These three deities are typically only honored on their holy days or in services held with specific intentions in mind. Some shrines and temples dedicated to Belenus also reserve a small corner for Diancecht so he can be called upon easily. As is the case with most cultures, the Tepestani don't so much worship the evil gods as they desperately attempt to placate them. The relationship the Tepestani have with Arawn (another figure seen in some cultures as male rather than female)
and Morrigan „ goddesses of death and conflict respectively „ are what one might expect. They are not worshipped, but honored with occasional sacrifices designed to keep the unnatural creatures of Autumn from plaguing communities.
Finally, there is Math Mathonwy. The Tepestani almost universally ignore him, and in so they mirror the gods in their tales, except in certain funeral rites for Outlanders who die within Tepest.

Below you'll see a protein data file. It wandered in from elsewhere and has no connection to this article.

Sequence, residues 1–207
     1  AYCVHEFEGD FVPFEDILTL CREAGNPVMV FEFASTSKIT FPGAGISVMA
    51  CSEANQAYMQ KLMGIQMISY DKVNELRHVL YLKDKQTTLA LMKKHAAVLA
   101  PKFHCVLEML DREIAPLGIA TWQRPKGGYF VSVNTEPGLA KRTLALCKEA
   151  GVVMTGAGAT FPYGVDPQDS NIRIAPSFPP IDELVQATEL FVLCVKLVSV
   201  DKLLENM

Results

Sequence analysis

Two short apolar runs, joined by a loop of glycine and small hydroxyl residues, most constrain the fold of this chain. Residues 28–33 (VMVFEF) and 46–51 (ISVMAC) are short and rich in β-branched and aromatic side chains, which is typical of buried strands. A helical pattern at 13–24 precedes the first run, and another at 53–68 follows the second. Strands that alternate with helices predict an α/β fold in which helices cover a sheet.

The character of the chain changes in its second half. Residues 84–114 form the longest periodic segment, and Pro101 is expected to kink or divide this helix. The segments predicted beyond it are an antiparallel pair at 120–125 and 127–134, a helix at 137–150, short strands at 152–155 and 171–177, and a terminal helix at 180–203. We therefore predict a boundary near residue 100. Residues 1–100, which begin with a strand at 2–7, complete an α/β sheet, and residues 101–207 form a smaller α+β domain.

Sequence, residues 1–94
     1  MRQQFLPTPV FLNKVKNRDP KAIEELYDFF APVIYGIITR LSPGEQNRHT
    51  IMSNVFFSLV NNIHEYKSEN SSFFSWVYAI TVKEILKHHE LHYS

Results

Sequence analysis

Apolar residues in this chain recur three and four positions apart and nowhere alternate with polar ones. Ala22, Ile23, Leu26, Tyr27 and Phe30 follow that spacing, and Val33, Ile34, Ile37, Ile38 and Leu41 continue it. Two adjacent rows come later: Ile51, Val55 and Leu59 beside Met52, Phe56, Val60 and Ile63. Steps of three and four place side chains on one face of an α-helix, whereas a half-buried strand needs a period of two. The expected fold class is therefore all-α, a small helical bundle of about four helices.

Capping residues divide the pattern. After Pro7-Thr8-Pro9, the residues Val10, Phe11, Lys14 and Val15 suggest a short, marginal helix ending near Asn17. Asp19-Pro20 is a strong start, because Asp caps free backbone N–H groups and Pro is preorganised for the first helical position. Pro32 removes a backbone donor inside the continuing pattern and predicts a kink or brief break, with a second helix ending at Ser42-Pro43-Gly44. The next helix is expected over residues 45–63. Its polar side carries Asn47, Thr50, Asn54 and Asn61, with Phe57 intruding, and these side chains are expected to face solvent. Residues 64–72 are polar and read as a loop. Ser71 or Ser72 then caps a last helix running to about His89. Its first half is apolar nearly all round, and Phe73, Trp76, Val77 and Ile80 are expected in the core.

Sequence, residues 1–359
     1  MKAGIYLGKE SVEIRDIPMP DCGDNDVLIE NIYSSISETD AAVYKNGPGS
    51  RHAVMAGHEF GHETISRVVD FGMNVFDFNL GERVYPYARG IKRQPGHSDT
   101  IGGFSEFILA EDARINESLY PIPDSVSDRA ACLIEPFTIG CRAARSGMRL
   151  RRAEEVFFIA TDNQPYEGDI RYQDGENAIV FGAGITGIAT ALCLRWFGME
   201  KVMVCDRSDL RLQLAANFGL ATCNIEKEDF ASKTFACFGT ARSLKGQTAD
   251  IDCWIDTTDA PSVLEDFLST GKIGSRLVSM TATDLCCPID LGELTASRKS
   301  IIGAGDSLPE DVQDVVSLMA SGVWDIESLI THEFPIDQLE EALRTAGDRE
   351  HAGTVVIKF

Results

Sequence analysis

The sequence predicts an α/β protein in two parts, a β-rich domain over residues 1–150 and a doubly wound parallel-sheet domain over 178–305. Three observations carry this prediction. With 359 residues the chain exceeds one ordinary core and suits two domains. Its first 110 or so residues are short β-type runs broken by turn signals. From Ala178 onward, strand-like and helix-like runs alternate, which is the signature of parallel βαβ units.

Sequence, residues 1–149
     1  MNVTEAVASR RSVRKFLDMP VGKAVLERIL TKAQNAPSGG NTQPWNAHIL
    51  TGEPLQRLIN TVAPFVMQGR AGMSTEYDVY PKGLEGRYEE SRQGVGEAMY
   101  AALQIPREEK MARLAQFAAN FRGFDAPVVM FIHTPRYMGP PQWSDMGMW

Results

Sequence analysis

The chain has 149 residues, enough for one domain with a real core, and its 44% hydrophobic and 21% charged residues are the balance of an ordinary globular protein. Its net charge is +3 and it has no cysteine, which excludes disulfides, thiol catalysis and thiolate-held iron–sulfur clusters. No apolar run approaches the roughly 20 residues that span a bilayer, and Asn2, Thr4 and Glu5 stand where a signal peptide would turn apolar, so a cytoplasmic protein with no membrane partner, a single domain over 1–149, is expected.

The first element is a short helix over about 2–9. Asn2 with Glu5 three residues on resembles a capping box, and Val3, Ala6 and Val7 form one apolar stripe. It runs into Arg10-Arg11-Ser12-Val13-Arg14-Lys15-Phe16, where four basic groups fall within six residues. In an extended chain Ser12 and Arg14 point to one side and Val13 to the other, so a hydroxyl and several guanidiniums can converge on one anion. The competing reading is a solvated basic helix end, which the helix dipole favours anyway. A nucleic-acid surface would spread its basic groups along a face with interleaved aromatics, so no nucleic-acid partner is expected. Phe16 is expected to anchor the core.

These rites are intended to call upon Math Mathonwy's mercy so that he doesn't cause the deceased evil person (because all Outlanders are by default considered evil) to return as one of Winter‘s Children but instead remain peacefully in the ground.


The Tepestani Inquisition
The most visible and most powerful religious institution in Tepest is Belenus‘s Inquisition. Overall, this group of militant priests and lay people has good intentions and is trying to do what it genuinely believes to be Belenus‘ will: saving the world by destroying the fey attempting to corrupt and ultimately destroy it. However, these priests and lay people are operating from a foundation of ignorance, and as time goes on this ignorance will only grow. They believe that everything related to fey is inherently corrupting, therefore studying the fey can only corrupt the would-be scholar. They distrust direct evidence and rely instead upon their own suppositions, existing folklore and forced confessions. The knowledge of their enemies displayed by the  experts among Belenus‘ Inquisitors make even the most wildly speculative screeds penned by